6 NOAA experts honored at Women of Color in STEM awards
“Congratulations to NOAA’s inspiring award recipients,” said Louisa Koch, Director of NOAA Education. “It's rewarding to see these women recognized for their outstanding accomplishments. I am proud to work for an organization that is committed to building a talented, diverse and inclusive workforce. Many of these awardees are former NOAA scholars, fellows, or graduates of historically black colleges and universities that NOAA has worked closely with for many years."
Here, these inspiring experts share their paths to a career at NOAA and their advice for future STEM leaders.
Catalina Martinez, Peer-Reviewed Award
Catalina Martinez is the regional program manager for NOAA’s Office of Ocean Exploration and Research (OER). Catalina joined NOAA in 2002 as a Knauss Marine Policy Fellow supporting OER. Her career at NOAA has spanned 18 years, and her current responsibilities involve managing key partnerships at the University of Rhode Island (URI) associated with a telepresence-enabled ship-based ocean exploration program. This unique program evolved over many years of collaborative efforts between OER, URI, and the Ocean Exploration Trust, culminating in URI being awarded the NOAA Cooperative Institute for Ocean Exploration in 2019. Catalina also supports a variety of local, regional, and national efforts to face the issues and challenges associated with underrepresented people of color entering, persisting, and finding success in STEM fields.
I'm not exactly sure what sparked my interest in STEM. Somehow, growing up in an urban community in Providence, Rhode Island, without proper science instruction in school, I was always fascinated by nature and by any and all water bodies — even puddles! I wanted to know what creatures lived in them and what the bottom looked like, so maybe my career path was inevitable. At some point, I began to explore the gorgeous Rhode Island coastline on my own, learned to SCUBA dive in my early 20’s, and I’ve been in love with the ocean ever since. After chipping away at an undergraduate degree for many years while working multiple jobs to make ends meet, I finally got to a place where I could attend a 4-year university full-time. I was determined to learn as much as I could about the ocean, and all the weird and wonderful creatures that existed within it. I didn’t consider a practical application for studying ocean science at that point, but there were a few key mentors and experiences that really paved the way for my decision to go on to graduate school and study oceanography — and I’m glad I did!2. What’s the best part about working at NOAA?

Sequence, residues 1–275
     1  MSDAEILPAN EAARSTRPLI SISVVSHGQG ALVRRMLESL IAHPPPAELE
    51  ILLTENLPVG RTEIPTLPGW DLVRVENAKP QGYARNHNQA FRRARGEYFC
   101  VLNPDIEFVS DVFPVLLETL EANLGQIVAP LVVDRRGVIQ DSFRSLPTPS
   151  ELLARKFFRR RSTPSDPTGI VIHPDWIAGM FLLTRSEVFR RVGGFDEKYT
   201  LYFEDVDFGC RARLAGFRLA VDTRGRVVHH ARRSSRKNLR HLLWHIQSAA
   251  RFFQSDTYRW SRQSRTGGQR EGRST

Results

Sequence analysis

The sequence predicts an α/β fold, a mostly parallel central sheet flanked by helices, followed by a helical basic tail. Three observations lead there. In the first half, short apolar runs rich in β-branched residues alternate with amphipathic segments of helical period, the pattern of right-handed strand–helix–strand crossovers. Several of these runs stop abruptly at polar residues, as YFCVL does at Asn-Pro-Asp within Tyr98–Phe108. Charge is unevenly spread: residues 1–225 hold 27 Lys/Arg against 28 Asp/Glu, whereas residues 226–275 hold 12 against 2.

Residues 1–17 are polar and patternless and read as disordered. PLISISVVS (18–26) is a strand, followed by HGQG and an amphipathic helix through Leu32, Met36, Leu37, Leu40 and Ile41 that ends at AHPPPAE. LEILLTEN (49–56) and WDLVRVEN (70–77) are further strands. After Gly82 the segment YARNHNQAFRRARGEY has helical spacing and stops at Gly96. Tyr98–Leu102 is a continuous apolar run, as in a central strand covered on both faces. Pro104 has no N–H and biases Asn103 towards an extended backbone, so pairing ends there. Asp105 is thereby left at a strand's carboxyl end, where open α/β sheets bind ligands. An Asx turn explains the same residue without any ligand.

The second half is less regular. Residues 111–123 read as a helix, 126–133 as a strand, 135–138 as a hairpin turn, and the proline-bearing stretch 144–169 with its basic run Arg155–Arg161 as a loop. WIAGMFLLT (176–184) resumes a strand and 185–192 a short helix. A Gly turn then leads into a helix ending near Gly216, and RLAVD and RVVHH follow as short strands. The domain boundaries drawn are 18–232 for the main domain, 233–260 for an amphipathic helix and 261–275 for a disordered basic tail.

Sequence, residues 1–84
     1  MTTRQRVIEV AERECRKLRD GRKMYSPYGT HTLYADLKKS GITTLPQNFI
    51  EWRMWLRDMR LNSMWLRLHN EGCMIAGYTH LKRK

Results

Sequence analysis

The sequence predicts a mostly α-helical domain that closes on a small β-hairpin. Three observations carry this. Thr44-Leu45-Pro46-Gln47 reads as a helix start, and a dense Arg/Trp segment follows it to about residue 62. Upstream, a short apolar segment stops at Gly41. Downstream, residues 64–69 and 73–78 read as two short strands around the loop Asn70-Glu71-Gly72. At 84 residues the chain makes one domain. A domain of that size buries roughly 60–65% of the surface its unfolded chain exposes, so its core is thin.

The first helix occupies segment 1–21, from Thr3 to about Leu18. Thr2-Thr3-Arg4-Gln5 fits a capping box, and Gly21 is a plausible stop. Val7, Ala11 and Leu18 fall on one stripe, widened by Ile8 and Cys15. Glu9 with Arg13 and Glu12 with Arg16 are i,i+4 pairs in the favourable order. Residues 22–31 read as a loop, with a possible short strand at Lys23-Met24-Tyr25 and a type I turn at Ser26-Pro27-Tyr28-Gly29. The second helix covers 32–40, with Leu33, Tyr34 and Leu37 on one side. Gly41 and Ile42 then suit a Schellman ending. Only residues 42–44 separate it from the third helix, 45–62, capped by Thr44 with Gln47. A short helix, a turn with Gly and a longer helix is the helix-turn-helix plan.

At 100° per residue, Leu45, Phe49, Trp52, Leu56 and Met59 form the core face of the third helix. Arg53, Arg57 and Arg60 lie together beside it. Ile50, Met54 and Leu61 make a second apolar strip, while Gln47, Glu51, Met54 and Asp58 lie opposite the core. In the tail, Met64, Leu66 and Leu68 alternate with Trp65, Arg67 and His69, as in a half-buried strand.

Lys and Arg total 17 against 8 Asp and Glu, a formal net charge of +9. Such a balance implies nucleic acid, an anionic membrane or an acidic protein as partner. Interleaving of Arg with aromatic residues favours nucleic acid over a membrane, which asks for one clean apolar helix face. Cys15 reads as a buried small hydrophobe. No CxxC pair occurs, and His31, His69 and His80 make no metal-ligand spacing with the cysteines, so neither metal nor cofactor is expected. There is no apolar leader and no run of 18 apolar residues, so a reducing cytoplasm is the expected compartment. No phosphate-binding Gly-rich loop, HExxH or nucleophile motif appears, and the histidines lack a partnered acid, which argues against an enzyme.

The best part of my 18 years with NOAA OER has been participating in the evolution of a brand new, exciting office within a federal agency that has a mission I truly believe in. I’ve been very fortunate.
3. What advice would you give to up-and-coming STEM professionals?
I have a few key pieces of advice:
- Never limit your vision of who you can become or where you belong based on who and what you see around you today — or on the perception of others.
- Be prepared to work very hard to achieve your goals.
- Surround yourself with good people you trust who are going to champion you, and always be intentional about championing others yourself.
- Self advocate and seek opportunities.
- Don’t underestimate the importance of developing strong communication skills and learning to work well with people from all walks of life.
Dr. Jamese Sims, Peer-Reviewed Award
Jamese Sims is a senior physical scientist at the Office of the Federal Coordinator for Meteorological Services and Supporting Research, where she manages interagency committees and working groups to coordinate meteorological services across the federal weather enterprise. Jamese was introduced to NOAA as a summer student in the NOAA Educational Partnership Program with Minority Serving Institutions (EPP/MSI) Undergraduate Scholarship Program in 2003. She was later selected as a member of NOAA’s EPP/MSI Graduate Sciences Program. In her career at NOAA, since has supported projects spanning operational environmental satellites, satellite telemetry, climate services, and coastal inundation. She has received numerous awards, including the Women of Color Magazine Professional Achievement in Government Award, the NOAA Educational Partnership Program (EPP) with Minority Serving Institutions Center Champions Working Group Award, and NOAA Employee of the Month. Jamese received her B.S. in meteorology from Jackson State University and her Ph.D. in atmospheric sciences from Howard University.
1. What sparked your interest in STEM?
I have always been curious about how things work. I remember as a child wanting to take the television apart to see how the channels changed. I was also the person in the house that my parents and my sister would call on to fix things. It was natural for me to figure out the answers to math calculations in my head, and I thoroughly enjoyed chemistry and biology in high school.
Additionally, I was curious about weather patterns as a child. I wanted to better understand different climates, and I was also intrigued by how my grandmother would predict the weather just from looking at the clouds or by her arthritis. Furthermore, my mom would take my sister and me to view severe storm and tornado damage when it occurred in the areas surrounding our town.